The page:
You care too much about what other people think

For some people, the opinions of others far exceed the opinions of their partners. This can be very detrimental to a relationship. Let’s say other people judge your partner for their physical appearance. You then become so hesitant to believe everything you hear and shake your opinion of your partner and your relationship.

How to stop self-sabotaging relationships?

Like any part of growing up and making major decisions, the most important thing is to know what you’re doing and how you’re feeling. If you came to this part of the article and realized that you’re the one who loves sabotaging your relationships then read these 3 tips that will surely help you a lot. 

●      Unpack your feelings

First of all, think about why you do such things. Peek deep inside yourself and find out if you’re behaving like this only in this relationship or if your actions have been a part of your habit for a long time. Think about how your partner is feeling. Self-awareness is key to changing any type of behavior, so it is important to understand “ Why do I self-sabotage relationships”? We’ve listed some common causes of relationship sabotage above but consider further what might be yours. Seemingly small things can creep into our minds and create some false conclusions that we perceive as true. We begin to believe in these things and live our lives accordingly:

●      Talk to your close friends

For everything we do or how we behave, only we know the reason. No one can get into our heads and understand us.

However, sometimes we don’t understand ourselves and we need to talk to other people who are close to us.

People who know and understand you will advise you and give you the advice you need because they might have noticed some of your characteristics that aren’t apparent to you. They can point out your flaws and suggest to you how you can fix them. They can help you create a real relationship with your romantic partner. We were not born to be alone. Remember that!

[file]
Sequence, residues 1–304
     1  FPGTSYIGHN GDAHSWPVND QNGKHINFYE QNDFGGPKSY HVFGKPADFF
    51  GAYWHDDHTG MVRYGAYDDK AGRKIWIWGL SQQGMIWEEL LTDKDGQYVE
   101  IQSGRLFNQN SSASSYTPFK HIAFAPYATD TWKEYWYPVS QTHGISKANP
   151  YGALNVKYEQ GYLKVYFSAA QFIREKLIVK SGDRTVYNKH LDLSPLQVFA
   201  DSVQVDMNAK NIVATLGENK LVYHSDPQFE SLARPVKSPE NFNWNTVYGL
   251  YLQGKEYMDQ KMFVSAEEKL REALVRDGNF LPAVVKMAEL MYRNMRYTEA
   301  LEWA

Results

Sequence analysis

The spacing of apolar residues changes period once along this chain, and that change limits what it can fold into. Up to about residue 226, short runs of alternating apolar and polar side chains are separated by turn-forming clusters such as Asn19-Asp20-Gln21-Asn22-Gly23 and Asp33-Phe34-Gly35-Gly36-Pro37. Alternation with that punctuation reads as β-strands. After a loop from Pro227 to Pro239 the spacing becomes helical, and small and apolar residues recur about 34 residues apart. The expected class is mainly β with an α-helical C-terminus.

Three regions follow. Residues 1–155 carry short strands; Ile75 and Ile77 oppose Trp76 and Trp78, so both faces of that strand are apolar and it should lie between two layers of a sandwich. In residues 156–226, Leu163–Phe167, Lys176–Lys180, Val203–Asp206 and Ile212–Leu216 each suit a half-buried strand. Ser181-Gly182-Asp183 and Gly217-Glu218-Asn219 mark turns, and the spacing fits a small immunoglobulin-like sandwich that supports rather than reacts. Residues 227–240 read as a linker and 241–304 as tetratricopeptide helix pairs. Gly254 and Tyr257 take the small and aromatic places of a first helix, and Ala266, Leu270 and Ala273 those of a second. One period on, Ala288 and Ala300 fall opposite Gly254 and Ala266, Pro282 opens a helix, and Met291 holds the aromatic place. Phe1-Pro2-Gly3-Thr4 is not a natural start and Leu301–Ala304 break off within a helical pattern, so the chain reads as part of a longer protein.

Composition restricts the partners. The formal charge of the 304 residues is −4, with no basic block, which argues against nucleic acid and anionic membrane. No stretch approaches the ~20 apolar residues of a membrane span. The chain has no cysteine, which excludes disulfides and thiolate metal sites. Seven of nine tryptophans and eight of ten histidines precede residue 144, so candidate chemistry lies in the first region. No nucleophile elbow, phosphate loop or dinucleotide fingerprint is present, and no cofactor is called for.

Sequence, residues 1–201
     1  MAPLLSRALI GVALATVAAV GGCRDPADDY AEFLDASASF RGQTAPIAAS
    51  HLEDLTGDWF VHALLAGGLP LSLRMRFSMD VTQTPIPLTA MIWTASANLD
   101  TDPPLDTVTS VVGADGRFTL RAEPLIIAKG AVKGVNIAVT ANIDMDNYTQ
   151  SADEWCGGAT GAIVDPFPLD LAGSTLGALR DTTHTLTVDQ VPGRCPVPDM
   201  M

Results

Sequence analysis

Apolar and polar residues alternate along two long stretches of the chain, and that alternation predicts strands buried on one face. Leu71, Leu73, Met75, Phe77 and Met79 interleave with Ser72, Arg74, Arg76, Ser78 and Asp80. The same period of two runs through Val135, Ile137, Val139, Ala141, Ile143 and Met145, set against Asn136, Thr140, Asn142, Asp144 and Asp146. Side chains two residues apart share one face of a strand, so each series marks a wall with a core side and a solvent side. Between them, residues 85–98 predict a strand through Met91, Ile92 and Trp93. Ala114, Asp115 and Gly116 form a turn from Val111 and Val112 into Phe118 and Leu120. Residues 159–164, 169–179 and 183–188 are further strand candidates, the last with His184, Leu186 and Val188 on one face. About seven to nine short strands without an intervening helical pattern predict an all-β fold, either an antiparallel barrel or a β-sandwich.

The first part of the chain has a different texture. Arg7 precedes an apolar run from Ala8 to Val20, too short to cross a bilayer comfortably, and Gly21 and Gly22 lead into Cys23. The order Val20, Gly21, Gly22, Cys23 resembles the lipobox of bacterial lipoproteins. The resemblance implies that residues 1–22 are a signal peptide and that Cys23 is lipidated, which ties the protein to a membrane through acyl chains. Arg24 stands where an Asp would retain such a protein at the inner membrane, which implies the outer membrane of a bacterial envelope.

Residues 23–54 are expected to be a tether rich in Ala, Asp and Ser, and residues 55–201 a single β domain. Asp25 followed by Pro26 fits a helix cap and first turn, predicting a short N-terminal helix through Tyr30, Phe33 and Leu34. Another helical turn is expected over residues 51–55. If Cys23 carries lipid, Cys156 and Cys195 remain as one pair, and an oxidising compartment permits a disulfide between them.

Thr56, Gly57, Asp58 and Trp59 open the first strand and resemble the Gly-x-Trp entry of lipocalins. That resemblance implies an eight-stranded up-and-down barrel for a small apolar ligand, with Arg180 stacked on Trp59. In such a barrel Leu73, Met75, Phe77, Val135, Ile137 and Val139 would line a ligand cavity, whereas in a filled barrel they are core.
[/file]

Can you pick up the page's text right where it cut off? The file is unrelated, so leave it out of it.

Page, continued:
●      Talk to your partner

This probably sounds scary, especially if you’re constantly behaving horribly towards your partner. If you constantly push them away from you and look for flaws in them , it’s normal that you will sometimes feel guilty. The most important thing is that you’re aware of yourself and that you’re unable to change. Talk to your partner and admit that certain aspects of your behavior were unacceptable. You mustn’t make excuses for it, if you’ve hurt them, they need to know you’re sorry and won’t do it again. You can have a separate conversation about it. For now, let them know that you’re aware of your actions, that you’re not justifying your behavior, and that you’re sincerely sorry.

Are you ready to end your bad habit?

Expecting your partner to think, feel, and act the same way you do is another form of self-sabotage. Rigid thinking is an unhealthy way of life and can cause great stress and disrupt your relationship. Accepting and appreciating the diversity of experiences, understanding, and ultimately the way the world identifies your partner is the only way you can truly happily coexist with each other and stop self sabotaging relationships.